The Ukrainian [Greek] Catholic Church, like the other Eastern Catholic Churches, has its own catechism and canon law. There are parishes, bishops, monasteries and seminaries of the Eastern Churches in the English-speaking countries. Their presence gives us the opportunity to increase our knowledge of the Faith and appreciation for the truly Catholic nature of the Church.
Some Features of the Eastern Churches
Liturgical worship: all the Eastern Churches are noted for their love and appreciation for the liturgy, both the Eucharist or Mass (which they usually call the d Divine Liturgy) and the daily services.’
Very few Latin Catholic parishes regularly celebrate Vespers (Evening Prayer) or Lauds (Morning Prayer); most Eastern Churches have these services for the congregation at least on Sundays and feast days.
Monasticism: traditional monastic life is always important in the Eastern Churches. People often seek out monks to hear their confessions; pastors invite monks to preach in parishes. Monasteries are expected to offer the complete round of liturgical worship, and people go on pilgrimage to take part in these services, especially on feast days.
Married clergy: the Eastern Churches ordain married men to the rank of deacon and priest; these married deacons .and priests continue to live as usual with their families. However, once a man has been ordained deacon (or priest) he may not get married. This means that a married man may become a priest, but a priest may not marry! If the wife of a deacon or priest should die, her husband may not marry again. A married man may not become a bishop; usually a monk or a celibate priest is chosen for the episcopate.
Devotion to Our Lady: all Catholics venerate the Holy Mother of God, the Blessed Virgin Mary! Eastern Christians use many special titles to honor Our Lady, but most of all the title Theotókos:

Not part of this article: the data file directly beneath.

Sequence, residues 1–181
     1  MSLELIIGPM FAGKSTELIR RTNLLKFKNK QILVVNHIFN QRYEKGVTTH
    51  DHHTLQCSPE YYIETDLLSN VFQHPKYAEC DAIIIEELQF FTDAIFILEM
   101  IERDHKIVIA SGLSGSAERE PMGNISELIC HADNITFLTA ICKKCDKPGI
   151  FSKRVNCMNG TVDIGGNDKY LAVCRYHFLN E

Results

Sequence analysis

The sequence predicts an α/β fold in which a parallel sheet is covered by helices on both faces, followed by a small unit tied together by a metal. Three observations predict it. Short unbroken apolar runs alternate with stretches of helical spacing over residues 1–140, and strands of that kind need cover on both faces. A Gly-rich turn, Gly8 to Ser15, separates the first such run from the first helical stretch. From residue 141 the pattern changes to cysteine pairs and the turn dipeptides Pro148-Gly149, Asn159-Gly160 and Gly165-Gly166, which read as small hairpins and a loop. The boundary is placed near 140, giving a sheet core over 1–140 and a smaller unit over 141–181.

this word means “She who has given birth to God”.
Veneration for the Altar: no custom or tradition of celebrating Mass “facing the people” ever arose in the Eastern Churches; the priest at Mass guides and leads the Church on pilgrimage towards the Kingdom.
Iconography: sacred art portraying the Lord Jesus Christ, Our Lady, the Saints, and the events of salvation history arose in the Christian East from the earliest times of the Church. The Seventh Ecumenical Council teaches that all Catholics must venerate the holy icons. The icons remind the worshipers that the saints are with them. The generous use of gold is symbolic of the joy of the resurrection and redemption. As you enter our church, you are immediately attracted to the magnificent mosaic icons and iconostas at the front. The iconostas is like a screen which separates the sanctuary area from the nave of the church where the faithful worship. Its purpose is to bring the faithful into the presence of the great saving deeds of God. The story of salvation unfolds through the icons. The icons of Christ, the Mother of God, apostles, evangelists, and other saints visually present God’s story of salvation for us and invite us to come and contemplate the Good News. On the iconostas are icons of Jesus and Mary to the right and left of the royal doors, and icons of other saints including the church patron, St. Athanasius, to the far right.
Synodal government: traditionally, an Eastern Church is governed by a synod of bishops headed by the chief bishop or Patriarch. There are six Eastern Catholic Patriarchs, and two major archbishops,” who have the same rank and authority as a patriarch.